(3,323 per the 2010 census)
|Regions with significant populations|
|Montana, United States|
|Related ethnic groups|
||This article needs additional citations for verification. (March 2012)|
The Chippewa-Cree Tribe is a federally recognized tribe on the Rocky Boy Reservation in Montana who are descendants of Cree who migrated south from Canada and Chippewa (Ojibwe) who moved west from the Turtle Mountains in North Dakota in the late nineteenth century. The two different peoples spoke related but distinct Anishinaabe languages, a branch of Algonquian languages.
Rocky Boy Indian Reservation is located in Hill and Chouteau counties in northeastern Montana, about 40 miles (64 km) from the Canadian border. It has a total land area of 171.4 square miles (443.9 km2), which includes extensive off-reservation trust lands. The population was 3,323 at the 2010 census. The Bureau of Indian Affairs' Labor Force Report of 2005 reported 5,656 enrolled members of the tribe.
The Chief Asiniiwin (Chippewa) (English translation Stone Child, misnomer Rocky Boy, which conveys an incorrect meaning) and Chief Little Bear (Cree) and their bands were the founders of the Rocky Boy Indian Reservation in north central Montana. At the time, Chippewa-Cree lived throughout present-day Montana, on the Blackfeet and reservations, as well as the new towns developed by European-American settlers and immigrants. In January 1902 Asiniiwin petitioned President Theodore Roosevelt for a closed reservation so the landless Chippewa-Cree could settle and get an education. The members were counted in a 1909 census conducted by Thralls B. Wheat, a land allotment agent of the Department of the Interior. This census was certified by the agency in April 1909.
Reflecting the social turmoil of the time, many of Asiniiwin’s people left the reservation within a decade; others had never relocated there, and their descendants live in towns throughout the Pacific Northwest. For instance, many bought plots of land on Hill 57, outside Great Falls, Montana. They were not included among the names of residents on the reservation in the government's May 1917 census. Congress passed legislation on September 7, 1916, (39 Stat. 739) creating the Rocky Boy Indian Reservation.
In May 1917 the Interior Department made another list of residents on the reservation. By then additional Native Americans had migrated there and others had left. Fewer than 45 of the 451 names listed on the "Tentative Roll of the Rocky Boy Indian Reservation" (1917) were Chippewa from the earlier 1909 roll. Many were Cree, descendants of Little Bear's (Imasees) band, and Métis, descendants of the Louis Riel band from the Red River of the North area. According to tribal traditions of absorbing war captives and all children of tribal women in the matrilineal system, if residents identified as Cree or Chippewa, they were counted as Native American, regardless of whether they had other ancestry. The 1917 roll was approved by the Department of the Interior in July 1917; it has since been the basis for tribal membership rolls and allotments.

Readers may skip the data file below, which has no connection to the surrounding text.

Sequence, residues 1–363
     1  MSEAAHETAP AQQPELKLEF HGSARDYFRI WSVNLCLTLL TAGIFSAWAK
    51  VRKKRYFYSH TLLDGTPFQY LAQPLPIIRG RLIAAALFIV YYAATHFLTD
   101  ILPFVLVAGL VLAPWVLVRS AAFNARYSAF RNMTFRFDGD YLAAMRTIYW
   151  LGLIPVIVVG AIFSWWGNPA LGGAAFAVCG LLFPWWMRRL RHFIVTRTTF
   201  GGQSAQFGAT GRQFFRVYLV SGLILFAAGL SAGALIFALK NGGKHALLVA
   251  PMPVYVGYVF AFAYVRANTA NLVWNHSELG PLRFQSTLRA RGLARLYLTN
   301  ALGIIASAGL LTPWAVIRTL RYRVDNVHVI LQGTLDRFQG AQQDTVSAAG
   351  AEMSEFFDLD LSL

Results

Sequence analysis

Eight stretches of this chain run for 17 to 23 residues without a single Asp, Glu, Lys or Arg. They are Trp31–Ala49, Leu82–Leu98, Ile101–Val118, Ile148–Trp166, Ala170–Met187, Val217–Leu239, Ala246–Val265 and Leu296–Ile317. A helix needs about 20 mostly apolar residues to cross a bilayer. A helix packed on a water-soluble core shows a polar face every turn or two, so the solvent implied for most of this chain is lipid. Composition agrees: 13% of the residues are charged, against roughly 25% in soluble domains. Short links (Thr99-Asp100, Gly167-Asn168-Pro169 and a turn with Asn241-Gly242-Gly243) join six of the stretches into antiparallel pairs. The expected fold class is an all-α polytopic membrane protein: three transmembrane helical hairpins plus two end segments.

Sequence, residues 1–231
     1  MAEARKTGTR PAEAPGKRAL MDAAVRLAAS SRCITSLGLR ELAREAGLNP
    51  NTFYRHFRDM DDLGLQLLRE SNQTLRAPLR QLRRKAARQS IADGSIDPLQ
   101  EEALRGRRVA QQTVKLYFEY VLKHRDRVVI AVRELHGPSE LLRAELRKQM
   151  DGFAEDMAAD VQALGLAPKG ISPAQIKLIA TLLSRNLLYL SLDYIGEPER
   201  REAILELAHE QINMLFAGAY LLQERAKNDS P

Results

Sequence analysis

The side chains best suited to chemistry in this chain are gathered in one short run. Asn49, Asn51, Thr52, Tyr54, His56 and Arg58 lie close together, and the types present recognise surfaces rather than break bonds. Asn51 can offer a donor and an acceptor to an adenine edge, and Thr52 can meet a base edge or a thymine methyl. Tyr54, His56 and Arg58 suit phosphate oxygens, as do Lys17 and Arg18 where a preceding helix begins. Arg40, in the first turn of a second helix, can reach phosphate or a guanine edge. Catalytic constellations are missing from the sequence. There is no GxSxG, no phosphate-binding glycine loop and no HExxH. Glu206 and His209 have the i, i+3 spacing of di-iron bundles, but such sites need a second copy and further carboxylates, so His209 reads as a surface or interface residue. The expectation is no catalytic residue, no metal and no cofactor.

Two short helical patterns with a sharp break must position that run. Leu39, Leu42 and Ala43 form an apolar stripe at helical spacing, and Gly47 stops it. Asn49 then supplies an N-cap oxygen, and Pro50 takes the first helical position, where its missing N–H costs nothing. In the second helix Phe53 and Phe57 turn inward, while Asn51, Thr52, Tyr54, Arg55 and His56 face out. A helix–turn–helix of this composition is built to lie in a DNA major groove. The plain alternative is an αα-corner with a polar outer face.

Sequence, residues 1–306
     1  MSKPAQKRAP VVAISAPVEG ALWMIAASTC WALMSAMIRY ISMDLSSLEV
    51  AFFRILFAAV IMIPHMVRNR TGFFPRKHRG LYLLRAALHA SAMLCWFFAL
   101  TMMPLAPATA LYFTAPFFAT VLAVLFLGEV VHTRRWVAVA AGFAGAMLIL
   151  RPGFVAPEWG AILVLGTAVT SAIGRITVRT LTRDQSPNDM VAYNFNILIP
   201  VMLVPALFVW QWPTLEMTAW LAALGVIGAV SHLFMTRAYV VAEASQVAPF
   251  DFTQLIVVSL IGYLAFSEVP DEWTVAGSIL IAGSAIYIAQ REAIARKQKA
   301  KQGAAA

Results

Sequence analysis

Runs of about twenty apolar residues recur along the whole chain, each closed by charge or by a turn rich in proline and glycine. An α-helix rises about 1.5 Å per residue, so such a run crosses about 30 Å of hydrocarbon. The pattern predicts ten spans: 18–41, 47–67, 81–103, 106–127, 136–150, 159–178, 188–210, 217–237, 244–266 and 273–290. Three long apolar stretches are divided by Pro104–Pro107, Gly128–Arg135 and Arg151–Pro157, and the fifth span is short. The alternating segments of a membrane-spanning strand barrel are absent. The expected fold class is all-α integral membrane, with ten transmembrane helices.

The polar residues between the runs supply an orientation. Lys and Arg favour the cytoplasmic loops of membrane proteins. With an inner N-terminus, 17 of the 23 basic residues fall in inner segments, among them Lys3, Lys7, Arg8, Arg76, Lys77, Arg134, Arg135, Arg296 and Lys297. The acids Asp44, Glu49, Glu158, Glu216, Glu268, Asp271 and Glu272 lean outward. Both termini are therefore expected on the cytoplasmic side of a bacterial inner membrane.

The Cree and Métis migrants and their descendants have lived on the Rocky Boy Reservation under self-declared "adopted" status. They and their descendants provided for such "adopted" status in the Chippewa Cree Tribal Constitution, which they wrote in 1934-1935 and which was certified by the Department of the Interior in 1935 under the Indian Reorganization Act.. The constitution provided that members of the tribe who were absent from the reservation for 10 years or more (a ten-year absentee provision) lost their tribal status and were no longer qualified for benefits and membership.
The Chippewa Cree Business Committee, the government of the tribe, recently repealed this provision of the Constitution. As the tribe's government, the Committee retains the authority to address "abandonment of tribal membership" and establish other membership issues. The Cree and Métis make up more than 90% of the enrolled members of the tribe.
As part of its economic development, the tribe started a business "Plain Green Loans," for online lending to Native Americans who are underserved by the lack of banks on many reservations. Critics such as Delvin Cree (Turtle Mountain Chippewa), a reporter with the The Tribal Independent, wrote in an Opinion piece on Indianz.com that the tribe's practices of high-interest, short-term lending are generally classified as predatory lending. Such loans can result in annualized interest rates as high as 360 percent. Because the Chippewa Cree Tribe is a sovereign nation which enjoys tribal immunity, it is not subject to state laws which seek to prevent usury by regulating high-interest lending.
See also 
- "Census shows growth at 4 Montana reservations". Independent Record. 28 March 2011. Retrieved 2 April 2011.
- "Census shows growth at 4 Montana reservations". helenair.com/Independent Record. 28 March 2011. Retrieved 2 April 2011.
- Delvin Cree, Opinion: "Predatory lending a cash cow in Indian Country", Indianz.com, 17 February 2012, accessed 7 March 2012
- Volz, Matt (December 26, 2011). "The Guardian". Tribe's high-interest online lending venture booms (London, England). AP Foreign. Retrieved December 27, 2011.